In a Market Powered by Tech Stocks, Cathie Wood Is a Big Winner

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The tech sector is having a blistering rally this year, and Cathie Wood has been one of the biggest beneficiaries. The head ofArk Investment Management has made a name for herself as a skilled, stock-picking fund manager at a time when almost nobody gets famous that way anymore. Moreover, she’s done so while managing exchange-traded funds. The vast majority of ETFspassively track indexes of stocks. Ark offers five actively managed U.S. ETFs, and Wood runs all of them.

Even before thecoronavirus pandemic forced a huge portion of Americans to rely on technologies enablingvirtual work and life, Wood made huge bets on companies working in artificial intelligence, genomics, and gaming, among others.

She runs 3 of the 10 best-performing exchange-traded funds so far in 2020, with her largest one,Ark Innovation ETF, returning 86%, compared with about 6% for the S&P 500 and 30% for the tech-driven Nasdaq 100. The fund now manages almost $10 billion in assets, after attracting more than $5 billion in new money this year. One other way Wood’s funds stand out from the ETF crowd is cost: The five funds carry expenses of about 0.75% of assets per year. That’s not high for active funds, but many index ETFs these days cost less than 0.1% of assets a year, one reason for the category’s explosive popularity.

“We’re the closest you’ll come to a venture capital fund in the public market,” she told Bloomberg News in August. “The way we learn is, hey, what is the venture capital world looking at? Is that investable now? We do what the venture capital world does not do, we figure out the underlying technology.”

Perhaps Wood’s biggest bet isTesla Inc., the Innovation fund’s top holding, at more than 10% of assets. It’s up 400% this year. Wood’s wildly bullish price target for the company’s stock price—$7,000 by 2024, from $424 today—has been enough to grab headlines by itself. “We do think Tesla has entered exponential growth territory,” she said in an interview in September. When Tesla plunged that month after it wasn’t included in the S&P 500, Woodbought more. Her logic: The company can grow beyond making electric cars and into ride-hailing and autonomous vehicles, where she believes profit margins will be much higher.

Wood’s performance doesn’t depend on Tesla alone. Her fund that invests in companies involved in genomics—a field that includes genetic medicines and testing—has returned about 100% this year. But all the Ark funds lean into industries where investors have been willing to pay high valuations on the hope of explosive future growth. Along with genomics, there are themed Ark ETFs for financial technology companies, next generation internet, and autonomous tech and robotics. In an email, Wood wrote that as the economyrecovers from the pandemic shock, the market may start to rewardvalue stocks—those companies from traditional industries that generally don’t command high prices relative to earnings. But she still sees plenty of potential in her funds’ picks. “Innovation takes root and typically gains significant market share during and after tumultuous times,” she wrote.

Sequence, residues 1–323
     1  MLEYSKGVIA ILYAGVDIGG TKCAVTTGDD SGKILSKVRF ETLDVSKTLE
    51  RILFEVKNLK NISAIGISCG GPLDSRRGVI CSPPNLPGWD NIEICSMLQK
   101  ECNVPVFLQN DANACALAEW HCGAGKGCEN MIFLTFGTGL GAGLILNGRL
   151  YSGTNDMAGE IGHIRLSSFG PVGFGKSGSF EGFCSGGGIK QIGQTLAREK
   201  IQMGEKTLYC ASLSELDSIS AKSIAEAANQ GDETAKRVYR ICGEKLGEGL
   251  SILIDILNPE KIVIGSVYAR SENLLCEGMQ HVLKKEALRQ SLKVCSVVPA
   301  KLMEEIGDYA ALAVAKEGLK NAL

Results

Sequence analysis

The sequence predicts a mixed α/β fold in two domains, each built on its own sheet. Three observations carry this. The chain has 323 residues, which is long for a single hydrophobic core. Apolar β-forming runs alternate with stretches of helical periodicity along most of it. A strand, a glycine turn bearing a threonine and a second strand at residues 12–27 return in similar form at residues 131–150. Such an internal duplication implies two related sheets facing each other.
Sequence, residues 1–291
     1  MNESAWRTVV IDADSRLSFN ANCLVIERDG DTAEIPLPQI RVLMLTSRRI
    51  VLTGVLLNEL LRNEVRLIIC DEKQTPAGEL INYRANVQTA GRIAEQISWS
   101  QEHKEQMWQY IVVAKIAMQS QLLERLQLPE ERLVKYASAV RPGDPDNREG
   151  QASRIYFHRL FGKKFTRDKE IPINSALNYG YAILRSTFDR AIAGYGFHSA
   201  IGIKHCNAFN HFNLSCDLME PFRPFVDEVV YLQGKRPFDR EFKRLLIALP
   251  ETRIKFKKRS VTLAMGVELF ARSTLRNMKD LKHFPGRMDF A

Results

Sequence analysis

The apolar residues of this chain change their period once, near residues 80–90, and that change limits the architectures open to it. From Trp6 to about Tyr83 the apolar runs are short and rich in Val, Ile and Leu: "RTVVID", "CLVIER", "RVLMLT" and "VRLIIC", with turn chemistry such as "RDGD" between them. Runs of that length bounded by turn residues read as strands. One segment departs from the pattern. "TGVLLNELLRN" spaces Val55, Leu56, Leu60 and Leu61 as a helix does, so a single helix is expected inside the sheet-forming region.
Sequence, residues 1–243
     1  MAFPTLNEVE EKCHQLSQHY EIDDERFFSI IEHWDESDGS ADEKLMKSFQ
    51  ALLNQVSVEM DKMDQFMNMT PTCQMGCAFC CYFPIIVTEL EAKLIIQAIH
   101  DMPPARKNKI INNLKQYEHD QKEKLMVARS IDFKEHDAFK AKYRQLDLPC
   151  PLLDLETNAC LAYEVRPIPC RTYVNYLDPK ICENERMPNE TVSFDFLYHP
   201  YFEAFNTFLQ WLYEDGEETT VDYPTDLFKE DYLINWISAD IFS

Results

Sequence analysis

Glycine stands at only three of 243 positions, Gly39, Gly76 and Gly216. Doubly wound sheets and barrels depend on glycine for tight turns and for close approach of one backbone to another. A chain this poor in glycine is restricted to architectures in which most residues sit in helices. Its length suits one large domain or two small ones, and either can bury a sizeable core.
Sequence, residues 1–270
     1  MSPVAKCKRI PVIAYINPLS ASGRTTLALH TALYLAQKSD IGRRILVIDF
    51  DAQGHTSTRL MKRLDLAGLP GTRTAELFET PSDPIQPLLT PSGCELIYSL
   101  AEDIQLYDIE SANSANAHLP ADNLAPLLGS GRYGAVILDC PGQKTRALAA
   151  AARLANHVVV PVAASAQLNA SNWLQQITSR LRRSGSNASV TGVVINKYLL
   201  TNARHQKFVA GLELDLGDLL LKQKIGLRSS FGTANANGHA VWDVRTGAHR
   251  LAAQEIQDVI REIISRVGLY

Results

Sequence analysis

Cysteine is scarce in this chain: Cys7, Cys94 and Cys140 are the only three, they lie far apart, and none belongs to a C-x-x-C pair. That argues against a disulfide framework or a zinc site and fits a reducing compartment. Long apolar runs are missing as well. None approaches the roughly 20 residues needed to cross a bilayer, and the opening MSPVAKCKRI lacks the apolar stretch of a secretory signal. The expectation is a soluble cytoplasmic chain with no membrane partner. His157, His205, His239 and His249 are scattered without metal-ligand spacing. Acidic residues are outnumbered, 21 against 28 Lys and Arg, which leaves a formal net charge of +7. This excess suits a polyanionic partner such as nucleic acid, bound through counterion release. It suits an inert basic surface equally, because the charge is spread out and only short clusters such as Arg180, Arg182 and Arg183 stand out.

In the great tech investing boom of the 1990s, plenty of fund managers rose to fame after making big bets on a few stocks that caught the public’s imagination, and almost as many fell to earth again. Fund experts caution that you can’t count on any manager’s past performance continuing. The Innovation fund’s success this year “isn’t going to be duplicated in 2021,” says Todd Rosenbluth, director of ETF research forCFRA Research. “Being concentrated in these long-term plays, they’re swinging to the fences, and there will be times they make great contact, there will be times they strike out. If we get a rotation into more value-oriented strategies, this fund is going to struggle.”

Now, after big tech names powered the market back to all-time highs, there’sskepticism that technology and innovation-related companies can continue expanding at such a rapid pace.Apple Inc. andTwitter Inc. disappointed investors with their recent earnings results, and their stocks dropped sharply. Whether there’s more upside for tech depends on a dizzying array of factors, including the course of a rapidly spreading virus, vaccine developments, what happens in theaftermath of a contentious presidential election, and antitrust inquiries. But comparisons to the dot-com bubble seem to grow stronger each day, and hardly anyone can forget the lessons from that episode about the dangers of lofty expectations.

Wood, Ark’s chief executive officer, launched the company in 2014 after running more than $5 billion of assets atAllianceBernstein. Almost none of Ark’s analysts have a finance background, which Wood has said helps them stay up-to-date with developments across different fields. The27-person team—one-quarter of whom are people of color, 30% women, and most in their 20s—includes a cancer researcher and even a sailboat captain. Analyst James Wang, who focuses on AI, previously worked for the technology companyNvidia Corp. and wrote tech columns for an Australian magazine.

To help spark more discussion, Ark publishes much of its research on itssite, hosts a podcast, and promotes its ideas on social media. One oddity of an actively managed ETF is that its daily holdings usually have to be in the open to ensure that the share price is in line with the value of the stocks it holds. (A few new “nontransparent” ETFs have worked out a way around this.) Managers of traditional mutual funds have to publish their holdings less frequently, and many guard their ideas in search of a short-term trading edge. But this matters less for funds like Ark’s, which seek to win with big, if risky, long-term bets.
 
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